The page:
In the past couple of days, I had clearly got to the end of my 95% quota of joy. I popped to our local M&S a couple of days ago to replenish berries and fruit for smoothies and I went by the shelves where they stock loo roll – there was product and plenty of it, so I went on my merry way. We have enough of the normal supply we get (a pack of 9 rolls roughly once per week – yes, we use quite a lot and I admit I’m a very excessive bottom wiper) so I didn’t get any, just felt reassured and paid for my smoothie supplies and left. Later, when Hubby came home, my Pink Cloud started to evaporate – he was stressed and Hubby very rarely get rattled by anything. Not even ME, and that’s saying something. He seemed tired, sad and overwhelmed. He works for a global relocations company and with the current situation they’re fast approaching bedlam with 5,000+ employees unable to do anything, cashflow strangled and salaries to pay. Seeing him stressed knocked me off my cloud – if Hubby is stressed, panic is in order.

Once I’d fallen off my unicorn and my multicoloured polar bear Growzer had scuttled off, I realised my rose tinted glasses were still in the bear’s saddle bags and without them I suddenly noticed several Facebook updates from friends. Everything from expressing a wish to kill people who stockpile food and supplies to calling out for help because desperately needed medications aren’t available. Hearing about a young mum being unable to find medication for her baby made my heart sink. That’s not “a bit irritating”. That’s no longer “bloody dimwits”. That’s a potentially….. I don’t even want to spell out what that could result in. And yesterday’s trip to Sainsbury’s to buy chicken for dinner and schampoo that I’d forgotten to add to this week’s delivery was a VERY different experience than my trip to M&S the day before. Like before, I walked by the loo roll shelves just to check. Empty. Or… Wiped clean, hahr hahr. That was worrying. Same with shelves for pasta, tinned foods, UHT milk etc. Most meats gone too.

OK, so I wasn’t going to get any of that, but I could clearly see how this panic is created. Walking past yet another set of bare shelves as I looked for olive oil (another item I’d missed out on our weekly shop and we are almost out of), there was ONE bottle of cooking oil left. Sunflower oil. Normally I’d leave it and get it from elsewhere, but the panic got hold of me. What if I CAN’T? We won’t go under through a lack of olive oil, but it’d be a pain not to have it as we use it for cooking pretty much every day. So it changed my behaviour. Sorry – I changed my behaviour, I own my behaviour after all. I took the bottle because it was there and in case I can’t get hold of olive oil elsewhere. I took it, in other words, just in case. If I pop into a shop today and indeed find olive oil, I have deprived another person of that bottle of sunflower oil, and that person might really need it. And I’ll just have a spare bottle of cooking oil I could be without. Panic breeds panic and it spreads like wildfire.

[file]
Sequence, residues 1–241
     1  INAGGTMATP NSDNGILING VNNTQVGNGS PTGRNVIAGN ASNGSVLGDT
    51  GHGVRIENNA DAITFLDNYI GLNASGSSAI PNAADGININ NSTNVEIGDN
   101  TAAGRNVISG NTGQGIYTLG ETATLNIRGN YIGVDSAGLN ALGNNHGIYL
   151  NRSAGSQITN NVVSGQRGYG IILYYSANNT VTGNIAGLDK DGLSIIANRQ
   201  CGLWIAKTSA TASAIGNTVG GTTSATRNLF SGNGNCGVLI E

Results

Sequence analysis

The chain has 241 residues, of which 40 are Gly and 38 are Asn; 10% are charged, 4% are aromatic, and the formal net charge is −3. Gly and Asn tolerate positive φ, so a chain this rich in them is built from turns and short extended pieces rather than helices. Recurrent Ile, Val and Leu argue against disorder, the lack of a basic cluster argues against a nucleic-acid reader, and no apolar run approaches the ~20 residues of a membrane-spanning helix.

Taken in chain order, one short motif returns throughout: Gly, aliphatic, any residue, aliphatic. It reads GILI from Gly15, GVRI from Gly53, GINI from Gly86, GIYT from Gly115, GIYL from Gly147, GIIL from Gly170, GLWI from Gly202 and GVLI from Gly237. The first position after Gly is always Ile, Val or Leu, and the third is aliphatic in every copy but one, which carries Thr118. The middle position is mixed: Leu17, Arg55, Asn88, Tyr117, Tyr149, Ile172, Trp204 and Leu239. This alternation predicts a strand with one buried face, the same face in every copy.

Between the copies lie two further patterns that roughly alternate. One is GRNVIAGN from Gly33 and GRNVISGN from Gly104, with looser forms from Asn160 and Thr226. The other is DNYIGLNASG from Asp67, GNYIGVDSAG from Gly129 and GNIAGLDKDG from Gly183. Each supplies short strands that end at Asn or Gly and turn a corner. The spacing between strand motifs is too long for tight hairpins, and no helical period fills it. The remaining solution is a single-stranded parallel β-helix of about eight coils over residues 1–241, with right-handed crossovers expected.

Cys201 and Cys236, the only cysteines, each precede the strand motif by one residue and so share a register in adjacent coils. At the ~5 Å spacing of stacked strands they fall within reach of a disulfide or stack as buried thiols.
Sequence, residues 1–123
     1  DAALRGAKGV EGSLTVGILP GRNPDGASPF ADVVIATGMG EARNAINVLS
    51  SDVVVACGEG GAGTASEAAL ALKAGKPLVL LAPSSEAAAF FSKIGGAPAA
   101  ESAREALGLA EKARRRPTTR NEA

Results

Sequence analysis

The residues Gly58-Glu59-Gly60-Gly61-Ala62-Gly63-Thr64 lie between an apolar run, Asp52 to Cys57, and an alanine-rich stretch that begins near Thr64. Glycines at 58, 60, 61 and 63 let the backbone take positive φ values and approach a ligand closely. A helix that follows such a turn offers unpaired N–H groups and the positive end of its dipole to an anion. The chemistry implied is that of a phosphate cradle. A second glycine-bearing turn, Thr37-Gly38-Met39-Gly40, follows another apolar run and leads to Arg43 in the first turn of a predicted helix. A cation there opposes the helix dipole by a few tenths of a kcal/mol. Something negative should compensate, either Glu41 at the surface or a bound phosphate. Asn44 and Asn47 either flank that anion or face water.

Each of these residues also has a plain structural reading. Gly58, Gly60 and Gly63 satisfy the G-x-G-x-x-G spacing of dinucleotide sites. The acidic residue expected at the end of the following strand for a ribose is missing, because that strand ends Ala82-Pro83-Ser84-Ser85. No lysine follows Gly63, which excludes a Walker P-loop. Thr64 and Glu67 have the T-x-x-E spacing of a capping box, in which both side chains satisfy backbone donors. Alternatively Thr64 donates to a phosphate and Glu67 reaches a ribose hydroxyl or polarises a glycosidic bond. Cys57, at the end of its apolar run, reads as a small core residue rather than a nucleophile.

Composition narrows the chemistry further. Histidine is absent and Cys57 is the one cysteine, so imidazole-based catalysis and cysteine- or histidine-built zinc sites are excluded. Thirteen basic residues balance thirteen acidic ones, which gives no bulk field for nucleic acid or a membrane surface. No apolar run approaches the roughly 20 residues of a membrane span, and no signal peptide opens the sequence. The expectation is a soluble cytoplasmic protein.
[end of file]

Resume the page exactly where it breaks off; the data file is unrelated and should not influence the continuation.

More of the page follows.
The same thing happened when I was on my way out with my schampoo, might-need-it sunflower oil and chicken, I saw the shelves for medicines. Whoa! All gone. And the wave of worry came over me. We’re not ill… ….YET. But we may really need something to reduce a fever and ease a sore throat. Scary. All that was left was aspirin and throat lozenges so I got one of each. Just in case. And that makes me a person who bought medication we don’t currently need, potentially meaning that a really ill person who needs it more TODAY can’t find any.

It’s not a good feeling.

No. I’m a good person. Yes, I do what I can to ensure my family have what they need and I try not to go beyond so everyone else can do the same. But I’m sure the above is enough to make me a Selfish Dimwit. Shit behaviour usually comes from fear and that’s crappy but resenting each other won’t fix anything. So I try to accept what I can’t control and change what I can. We continue to shop for food the way we normally do and hope that we won’t be the suckers who will suddenly be without when supplies disappear. We are told there is enough for everyone. So no stockpiling. But I can absolutely understand the fear because during those few moments I felt it, and my friend’s words are as true as they always were: never assume bad intent.

This crisis has created fear which in turn has brought out the worst in some (and me too), but it’s brought out the best in so many, many more and the world continues to fill me with awe. We’ll get through this together.

How’s everyone doing? As of now, schools are mostly open here in London but some (including my son’s) partially closed due to staff shortages that are down to self isolation. People are encouraged to work from home but most things seem to be running. The advice regarding restaurants and pubs is to “avoid” so we’re not in complete lockdown yet. The streets are emptier and London’s quieter, but life hasn’t completely changed yet and we do almost everything we normally do but with more caution and avoiding big gatherings and public transport. What are things like where you are? Are you worried and/or panicked? Are you uplifted or disheartened by what you see around you? Is the world ugly or beautiful?

Today I’m not going to drink.